Blogging about life instead of social media this week. I hope you don’t mind!
I had the good fortune to get together with a group of female friends recently and the subject of memory, specifically mid-life, female memory came up. We discovered that all of us at the dinner party had read the recent article in the Boston Globe about memory loss in middle aged women. That we all read the article is surprising because all of us at the dinner party work at least part time, are still raising relatively young children, some are knee-deep in the college visit process, and all are juggling the dreaded spring youth sports schedules – making pleasure reading a rarity. However, the article caught all of our middle-aged eyes because we have all found ourselves in memory lapses that make us skeptical about our ability to maintain a healthy memory for the next half-century ahead! No one had any major lapses to report: The usual name recognition gaps and missed appointments. Most instances are comic relief and don’t carry with them any real worries – except maybe the report of a mutual friend who put her purse in the fridge! I’m not sure I can put that in the same classification as forgetting names! But it is nice to know we are all in the same boat and, as the article assured us, that our memory lapses may be a temporary state of mind. We are all suffering from complete overload at a sustained level. It is nice to know the mind is not on a permanent downward trend!
Besides living in the same town and raising children generally around the same age, this group was drawn together by a friend who moved away nine years ago. My friend, Jill, who moved back to her home state of California, was in New England on business, and thankfully extended her stay for a mini girls’ reunion. She was the thread that wove all of us together that night and just being in her presence took me back nine years to memories of what I was juggling then – new mother of a third boy, overseeing a major home renovation, sending my oldest off to Kindergarten, my husband changing jobs, stresses of parenthood, my mother having a malignant tumor removed. All very caregiving-centric memories and all made more vividly clear as a result of Jill’s visit. I am actually amazed at how much I can recall from that year, having not thought hard about it for a long time. I can remember a heart-to-heart conversation I had with Jill about marriage nine years ago, better than a conversation I had 9 days ago.
It is all tied to adrenaline and what lies within our heart. I firmly believe our memories are tied to the level of adrenaline we were producing at the time of the remembered event. Whether it be fear- or joy- or sorrow- or thrill-induced, adrenaline fuels our memory bank. But what we carry in our hearts shapes what we recall, often without warning.
Earlier in the day, before Jill’s arrival, I cheered on my youngest at his soccer game. As I scanned the sidelines at the start of the game, I saw an elderly man arrive, pushing his collapsible wheelchair across the soggy grass. He and his daughter, who I’m guessing to be in her late sixties, set up as close to the field as they could while keeping the shortest distance back to the parking lot. They were about 30 yards from me – I saw them diagonally across the field. Why did he catch my eye? I don’t know exactly. I didn’t know him. I didn’t even know which child was his great-grandson. But it was touching to me to see him make the huge effort to come see his great-grandson play.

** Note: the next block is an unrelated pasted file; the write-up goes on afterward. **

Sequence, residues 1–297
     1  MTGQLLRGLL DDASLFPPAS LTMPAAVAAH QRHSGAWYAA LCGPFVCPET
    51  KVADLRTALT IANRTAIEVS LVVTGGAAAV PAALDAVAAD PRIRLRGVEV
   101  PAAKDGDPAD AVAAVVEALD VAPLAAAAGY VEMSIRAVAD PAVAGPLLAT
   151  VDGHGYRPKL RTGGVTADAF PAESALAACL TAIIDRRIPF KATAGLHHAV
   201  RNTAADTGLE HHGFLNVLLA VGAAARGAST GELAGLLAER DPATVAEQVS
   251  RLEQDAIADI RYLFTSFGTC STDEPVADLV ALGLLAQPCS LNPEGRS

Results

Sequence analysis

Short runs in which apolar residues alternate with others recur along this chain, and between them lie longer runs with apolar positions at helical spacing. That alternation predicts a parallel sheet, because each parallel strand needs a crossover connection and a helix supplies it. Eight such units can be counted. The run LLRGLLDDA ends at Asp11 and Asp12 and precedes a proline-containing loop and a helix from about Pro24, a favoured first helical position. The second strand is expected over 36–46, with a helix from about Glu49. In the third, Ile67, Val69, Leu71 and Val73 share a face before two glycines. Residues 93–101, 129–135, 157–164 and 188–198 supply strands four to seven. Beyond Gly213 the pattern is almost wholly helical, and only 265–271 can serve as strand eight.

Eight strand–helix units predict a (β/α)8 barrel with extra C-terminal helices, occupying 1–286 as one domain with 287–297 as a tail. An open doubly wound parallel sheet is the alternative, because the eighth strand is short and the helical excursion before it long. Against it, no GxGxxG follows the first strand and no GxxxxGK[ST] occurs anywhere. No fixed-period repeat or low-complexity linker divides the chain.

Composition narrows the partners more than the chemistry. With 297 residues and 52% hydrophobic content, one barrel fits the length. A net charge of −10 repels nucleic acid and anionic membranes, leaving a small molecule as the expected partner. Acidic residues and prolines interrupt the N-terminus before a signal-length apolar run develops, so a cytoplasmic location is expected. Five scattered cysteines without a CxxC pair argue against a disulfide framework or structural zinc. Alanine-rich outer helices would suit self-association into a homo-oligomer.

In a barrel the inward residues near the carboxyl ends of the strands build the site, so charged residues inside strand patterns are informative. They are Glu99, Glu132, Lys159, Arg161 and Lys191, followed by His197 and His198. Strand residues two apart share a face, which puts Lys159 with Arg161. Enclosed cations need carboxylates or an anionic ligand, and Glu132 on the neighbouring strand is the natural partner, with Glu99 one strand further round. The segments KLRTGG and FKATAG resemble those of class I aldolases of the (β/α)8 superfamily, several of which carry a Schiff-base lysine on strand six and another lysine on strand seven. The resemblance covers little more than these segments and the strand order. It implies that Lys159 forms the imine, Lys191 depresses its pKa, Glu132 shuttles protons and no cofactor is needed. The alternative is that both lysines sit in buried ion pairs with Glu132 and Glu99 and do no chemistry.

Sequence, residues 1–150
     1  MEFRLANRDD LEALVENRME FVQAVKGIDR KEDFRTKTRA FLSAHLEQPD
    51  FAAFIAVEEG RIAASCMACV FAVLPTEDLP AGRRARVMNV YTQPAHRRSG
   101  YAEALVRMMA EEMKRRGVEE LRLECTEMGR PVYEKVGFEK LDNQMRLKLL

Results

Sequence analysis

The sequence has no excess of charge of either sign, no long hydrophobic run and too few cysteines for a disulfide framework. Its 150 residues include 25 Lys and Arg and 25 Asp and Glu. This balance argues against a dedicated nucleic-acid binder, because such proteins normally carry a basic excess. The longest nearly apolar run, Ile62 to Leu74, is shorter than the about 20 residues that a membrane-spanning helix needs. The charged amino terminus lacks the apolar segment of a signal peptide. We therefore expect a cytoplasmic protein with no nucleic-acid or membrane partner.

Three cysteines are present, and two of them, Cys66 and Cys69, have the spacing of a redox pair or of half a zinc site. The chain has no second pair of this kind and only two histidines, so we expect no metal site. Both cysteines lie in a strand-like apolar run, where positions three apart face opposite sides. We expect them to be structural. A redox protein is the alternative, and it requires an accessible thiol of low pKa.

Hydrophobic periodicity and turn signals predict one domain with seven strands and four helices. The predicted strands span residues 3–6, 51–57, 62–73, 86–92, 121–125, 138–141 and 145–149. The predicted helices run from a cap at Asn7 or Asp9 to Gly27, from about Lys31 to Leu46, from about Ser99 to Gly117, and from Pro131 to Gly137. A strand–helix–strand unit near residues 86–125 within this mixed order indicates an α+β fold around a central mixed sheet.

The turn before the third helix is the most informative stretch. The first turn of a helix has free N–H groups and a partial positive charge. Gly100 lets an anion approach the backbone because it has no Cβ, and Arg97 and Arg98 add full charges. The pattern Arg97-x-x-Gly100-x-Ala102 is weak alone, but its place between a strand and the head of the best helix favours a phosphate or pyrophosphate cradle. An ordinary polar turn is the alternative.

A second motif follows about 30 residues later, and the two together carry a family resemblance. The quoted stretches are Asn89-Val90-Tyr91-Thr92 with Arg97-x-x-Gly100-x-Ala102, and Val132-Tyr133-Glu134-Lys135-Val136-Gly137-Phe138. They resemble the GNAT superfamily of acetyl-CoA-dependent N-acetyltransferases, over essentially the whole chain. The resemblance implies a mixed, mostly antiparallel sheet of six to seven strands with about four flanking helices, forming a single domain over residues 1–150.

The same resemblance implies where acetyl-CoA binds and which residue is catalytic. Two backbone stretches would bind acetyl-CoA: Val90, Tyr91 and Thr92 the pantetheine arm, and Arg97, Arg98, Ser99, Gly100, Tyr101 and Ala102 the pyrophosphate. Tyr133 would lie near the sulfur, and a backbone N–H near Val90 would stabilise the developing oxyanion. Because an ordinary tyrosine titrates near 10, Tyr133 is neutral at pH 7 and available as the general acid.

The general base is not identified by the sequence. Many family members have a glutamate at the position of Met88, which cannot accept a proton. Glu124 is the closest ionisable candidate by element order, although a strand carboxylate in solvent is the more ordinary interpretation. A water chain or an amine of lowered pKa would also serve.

Of course it reminded me of my dad, who made enormous efforts to see his grandchildren, and, frankly, anyone who needed him to “show up.” And who, eventually, required the use of a wheelchair which I pushed across soggy ground.
So my heart and my mind caused me to subconsciously check on this man every now and then. At lulls in the soccer action, I glanced over to see him get settled in the chair as his daughter stood next to him. I later saw him doze, with a small slump of his shoulders, and his daughter take a few steps forward for a better view of her grandson. And it was my heart and mind that catapulted me out of my chair into the fastest 30-yard dash I’d done in 30 years when I looked over to see him lying helplessly on his side with his daughter completely unaware that he had quietly toppled out of his wheelchair in his sleep. I was the first person to his side, not because I saw a stranger in need, but because I have an unfulfilled desire to help my dad. Why did I keep an eye on that man? I don’t really know. But I know my heart wouldn’t allow my mind to let him go. And my mind switched my body into rescue mode without a second thought. The small event is burned into my memory now because of adrenaline and because the eyes that looked up at me in stunned confusion were not a stranger’s, but my dad’s.
If I’m lucky enough to have my heart and mind continue to synchronize to keep what is important in my memory bank, then I am lucky enough.